• a few travel toys, crayons, and books
  • plastic bags for wet clothes, etc.

Heading To The Beach

The beach means fun — but only if you have all the right equipment with you. It's much easier to enjoy the sand and sun when you're protected from burning, have playthings to keep you occupied, and have a comfortable place to sit. While you may not need all of these items every time you hit the beach, this is a pretty comprehensive list of potential seaside paraphernalia — whether you enjoy diving or fishing, splashing in the water or just laying out soaking up the rays:

  • beach bag    
  • swimsuit
  • flip flops, sandals, or beach shoes
  • sunscreen, insect repellent, and aloe vera
  • pool toys (beach ball, noodles, rafts, etc.)
  • water wings and flotation devices
  • beach chairs and mats
  • plastic bags for wet clothes, etc.
  • towels
  • dive mask, fins, and snorkel
  • sun umbrella
  • fishing equipment (poles, lures, line, etc.)
  • coolers and ice chests

Going Camping

So you're headed out into the wilderness for a few days of hiking,  open-air cooking, sleeping under the stars, and nature-watching — you're going to need some specialized equipment that you don't normally carry on a vacation where you stay in a hotel. And it is vitally important that you take everything you need with you — that you not forget any of your supplies or equipment — because it's unlikely that you'll be able buy a replacement out in the woods:

  • flashlight and extra batteries
  • insect repellent and sunscreen
  • backpack
  • binoculars
  • water filtration system
  • tent, stakes, poles, mallet, etc.
  • tarp or groundsheet and rain fly
  • sleeping bag, pillow, and mat
  • walking stick or trek poles (if you use them)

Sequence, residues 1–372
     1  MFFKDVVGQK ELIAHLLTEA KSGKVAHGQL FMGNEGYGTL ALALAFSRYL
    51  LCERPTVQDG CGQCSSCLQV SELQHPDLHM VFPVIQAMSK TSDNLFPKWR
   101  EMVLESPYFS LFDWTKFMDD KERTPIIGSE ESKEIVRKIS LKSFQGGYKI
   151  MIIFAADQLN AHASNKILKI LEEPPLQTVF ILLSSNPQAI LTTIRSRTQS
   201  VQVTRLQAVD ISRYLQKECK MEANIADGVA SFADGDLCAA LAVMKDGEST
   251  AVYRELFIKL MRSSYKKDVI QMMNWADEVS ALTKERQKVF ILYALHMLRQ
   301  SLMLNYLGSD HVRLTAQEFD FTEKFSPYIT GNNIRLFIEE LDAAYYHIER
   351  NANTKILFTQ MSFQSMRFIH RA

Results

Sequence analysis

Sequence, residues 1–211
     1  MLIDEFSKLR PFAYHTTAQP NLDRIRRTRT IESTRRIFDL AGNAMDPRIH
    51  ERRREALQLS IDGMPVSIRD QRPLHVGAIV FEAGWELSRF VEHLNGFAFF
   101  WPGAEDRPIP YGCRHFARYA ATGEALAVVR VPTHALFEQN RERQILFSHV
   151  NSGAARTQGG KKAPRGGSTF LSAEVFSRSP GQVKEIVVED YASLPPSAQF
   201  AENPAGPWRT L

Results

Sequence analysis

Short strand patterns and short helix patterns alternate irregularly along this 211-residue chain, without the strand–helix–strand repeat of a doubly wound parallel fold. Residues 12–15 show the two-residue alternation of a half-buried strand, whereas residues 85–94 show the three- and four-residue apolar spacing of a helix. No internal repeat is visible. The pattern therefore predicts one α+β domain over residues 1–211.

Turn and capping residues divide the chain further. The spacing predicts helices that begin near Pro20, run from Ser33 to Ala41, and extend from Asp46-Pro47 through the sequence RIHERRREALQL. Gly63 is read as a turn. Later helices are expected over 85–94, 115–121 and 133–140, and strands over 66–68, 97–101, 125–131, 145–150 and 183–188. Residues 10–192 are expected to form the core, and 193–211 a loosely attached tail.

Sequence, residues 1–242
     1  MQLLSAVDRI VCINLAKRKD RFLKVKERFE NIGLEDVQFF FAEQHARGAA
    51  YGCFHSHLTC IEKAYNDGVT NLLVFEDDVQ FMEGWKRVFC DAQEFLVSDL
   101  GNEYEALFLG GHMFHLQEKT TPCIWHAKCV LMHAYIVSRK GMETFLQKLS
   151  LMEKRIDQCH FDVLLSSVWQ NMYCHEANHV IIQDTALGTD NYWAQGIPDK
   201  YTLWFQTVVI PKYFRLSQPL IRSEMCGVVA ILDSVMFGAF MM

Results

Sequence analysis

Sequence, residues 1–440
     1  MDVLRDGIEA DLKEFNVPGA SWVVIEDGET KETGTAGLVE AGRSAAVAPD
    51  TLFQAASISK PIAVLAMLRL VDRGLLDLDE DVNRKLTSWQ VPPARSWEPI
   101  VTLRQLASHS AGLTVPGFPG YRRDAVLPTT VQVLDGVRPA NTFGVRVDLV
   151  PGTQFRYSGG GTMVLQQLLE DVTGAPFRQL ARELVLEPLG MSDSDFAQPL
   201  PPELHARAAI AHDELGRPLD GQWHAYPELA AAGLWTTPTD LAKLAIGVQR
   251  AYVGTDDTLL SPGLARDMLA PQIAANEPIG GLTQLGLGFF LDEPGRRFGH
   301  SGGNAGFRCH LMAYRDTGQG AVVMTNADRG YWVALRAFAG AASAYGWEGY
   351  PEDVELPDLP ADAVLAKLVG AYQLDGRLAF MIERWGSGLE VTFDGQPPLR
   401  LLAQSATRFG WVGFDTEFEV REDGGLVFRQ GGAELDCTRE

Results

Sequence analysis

• stuff sacks
  • trash bags
  • lightweight moisture-wicking clothes (appropriate for the weather)
  • compass
  • whistle and emergency signal mirror
  • twine or rope and duct tape
  • food (obviously!)
  • cookware, dishes, camp stove
  • water bottles or hydration system
  • camp chair (if needed)
  • waterproofs
  • matches and fire starter
  • camp tool and shovel
  • toilet paper
  • emergency blanket
  • trail guide and maps
  • backcountry first aid kit (including needle and thread, moleskin, antibiotic ointment, and larger gauze pads)

A Better Use Of Down Time

Most people's days are so filled to overflowing with responsibilities, that there's is almost no way to get it all done in the hours available. Some things (like work and school) eat up big chunks of your day, and you have no control over when or how they happen. Others can be squeezed in whenever you've got a few free minutes here or there. And where do you tend to have a lot of available time? While you're waiting! You could be sitting in a medical office, stuck in traffic, caught in a long line at the post office or bank, hoping to have your flight start boarding soon, trapped on a train during an hour-long commute, or early for a scheduled meeting. Instead of bitching about wasted time, use those precious minutes to get something done!

  • clean out your purse, briefcase, or backpack
  • listen to a book on tape or a recording of a seminar you've been wanting to hear
  • make a wish list of books to read, movies to see, restaurants to try, etc.
  • make a to-do list of things you want and need to get done in the next week
  • plan your menu and grocery shopping lists for the week
  • read that magazine article or book you haven't had time for
  • review and update your calendar
  • schedule an appointment you've been putting off
  • sort through your incoming mail, separating to-do's from trash
  • write a letter to a friend
  • make a phone call that you've been procrastinating on
  • pay your bills, either online or writing a check to go in the mail
  • balance your checkbook
  • work on your Christmas gift list
  • write and address holiday greeting cards
  • work on any sort of report / homework / project with an upcoming deadline
  • write in your journal or diary
  • meditate
  • file your nails (although I probably would discourage a pedicure in public!)
  • just relax and enjoy a moment of silence in the middle of a hectic day

See how easy that was? Wink

Reality Check

It's incredibly difficult for folks to admit that they can't do everything themselves. Well,  guess what — you can't! And I don't know that you'd want to, even if you had the time. Some activities are unpleasant, outside your range of expertise, or just not what you want to spend your time on. There's nothing wrong with bowing out, as long as you can find someone else to take care of it. The not-to-do list helps identify those chores, errands, and daily responsibilities that can (and should) be delegated. This is assuming that we're talking about a job that even needs to be done in the first place — if not, let it go and move on!